Lisin hoping things work out for him in New York
Thursday November 12th 2009, 12:41 am

Two weeks ago, Sovietsky Sport caught up with ex-Coyote and current Ranger Enver Lisin as he prepared to face his former club for the first time.  In his interview, which was originally published on October 28th, reporter Gennady Boguslavsky queried Moscow native on a variety of subjects, ranging from his old team to New York Rangers head coach John Tortorella to the upcoming Olympics and summertime rumors that he was KHL-bound.  With apologies for not having the time to post it sooner, a translation of their conversation is provided below.

- To what do the Rangers owe the fact that they’re in third place in the league?

- Quite simply, I think we have a strong team and a first-class coach.  The group is made up of guys who play to their max, with whom it’s a pleasure to work.  We try to squeeze everything from every moment.

- And what was missing in Phoenix?

- I don’t like to compare.  I’ve already left the Coyotes and forgotten how it was.

- The Arizona team is having major financial difficulties.  Did it interfere with the game?

- Not at all.  We knew that our contracts were guaranteed by the league.  No one was left without money.  Finances were the headache of management, the players had their own problem.  The Pacific division is very difficult.

As you can see, Phoenix’s problems have remained.  But the team is playing well — it won in Boston (4-1), Detroit (3-2).  So everything’s not as bad as it seems.

- Now you’re at the center of attention…

- They like hockey more in the cities in the Eastern Conference.  And it’s not even worth talking about the famous arena, Madison Square Garden, in which the Rangers play.  It’s constantly sold out here.  You need to fly less in the east, that’s a plus too.  And, well, New York is New York.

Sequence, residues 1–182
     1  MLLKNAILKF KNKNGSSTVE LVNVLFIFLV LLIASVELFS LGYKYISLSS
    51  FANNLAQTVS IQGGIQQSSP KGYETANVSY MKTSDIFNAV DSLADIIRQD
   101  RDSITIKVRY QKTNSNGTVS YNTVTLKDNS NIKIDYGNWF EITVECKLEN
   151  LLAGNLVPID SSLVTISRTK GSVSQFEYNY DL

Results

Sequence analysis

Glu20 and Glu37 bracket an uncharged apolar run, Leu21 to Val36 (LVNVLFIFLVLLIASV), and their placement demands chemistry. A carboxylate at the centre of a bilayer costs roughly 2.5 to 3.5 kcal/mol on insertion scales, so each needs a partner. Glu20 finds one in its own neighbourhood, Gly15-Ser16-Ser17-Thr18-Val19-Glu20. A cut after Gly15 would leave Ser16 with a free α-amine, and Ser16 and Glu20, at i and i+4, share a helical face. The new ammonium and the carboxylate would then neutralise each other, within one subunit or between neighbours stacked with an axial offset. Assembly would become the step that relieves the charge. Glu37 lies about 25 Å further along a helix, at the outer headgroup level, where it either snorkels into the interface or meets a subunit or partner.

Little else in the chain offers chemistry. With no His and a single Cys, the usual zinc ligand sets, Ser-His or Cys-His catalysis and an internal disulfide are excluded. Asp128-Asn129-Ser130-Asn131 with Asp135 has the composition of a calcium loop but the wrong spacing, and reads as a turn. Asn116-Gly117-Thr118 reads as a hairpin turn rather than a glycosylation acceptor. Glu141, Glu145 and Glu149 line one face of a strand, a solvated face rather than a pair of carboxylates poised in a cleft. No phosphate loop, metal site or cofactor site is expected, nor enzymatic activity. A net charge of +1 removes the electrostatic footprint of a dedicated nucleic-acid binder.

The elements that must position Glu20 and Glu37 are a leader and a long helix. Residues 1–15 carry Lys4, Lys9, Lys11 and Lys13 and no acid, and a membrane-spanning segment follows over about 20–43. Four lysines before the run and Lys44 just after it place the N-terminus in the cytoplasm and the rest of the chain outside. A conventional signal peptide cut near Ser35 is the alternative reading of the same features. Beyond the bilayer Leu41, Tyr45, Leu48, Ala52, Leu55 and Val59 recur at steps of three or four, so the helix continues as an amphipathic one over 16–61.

- Doesn’t it scare you that it’s difficult for Russians to grow roots with the Rangers?  It didn’t work out in the careers of Kovalev, Zherdev…

- If you’re scared of such a thing, you should quit playing hockey.  Each player has his own history.  I hope everything works out for me in New York.

- Talk about coach John Tortorella.

- He’s demanding, strict.  But if he gets mad, its for a reason.  It’s good that Tortorella is unbiased.

- Who are you friends with on the Rangers?

- We’ve formed a good team, there’s a lot of youth.  Nobody is broken up into cliques.  We all hang out, we go out together for dinner. But of course, I’m better friends with Artem Anisimov.  We rent a house and live together on road trips.

- You weren’t invited to the Olympic camp at Khodinka [Arena in Moscow].  But do you think that you have a chance to go to Vancouver?

- Every player has a chance.  Even if it’s small… The coach will decide who to take to the Olympics.  My job is to score a lot of points and play excellent hockey so that they pay attention to me.

- There were rumors in the summer that you might leave for the the KHL.

- I don’t know where that started.  I was on vacation in Abkhazia and read on the Internet that Atlant had offered me a contract.  But I didn’t conduct negotiations with anyone from the KHL, and I knew that I would stay in America [and] sign a contract for another year.

- Why do you wear the number 81?

- Because I used to wear 18, but on the Rangers it belongs to Mark Staal.

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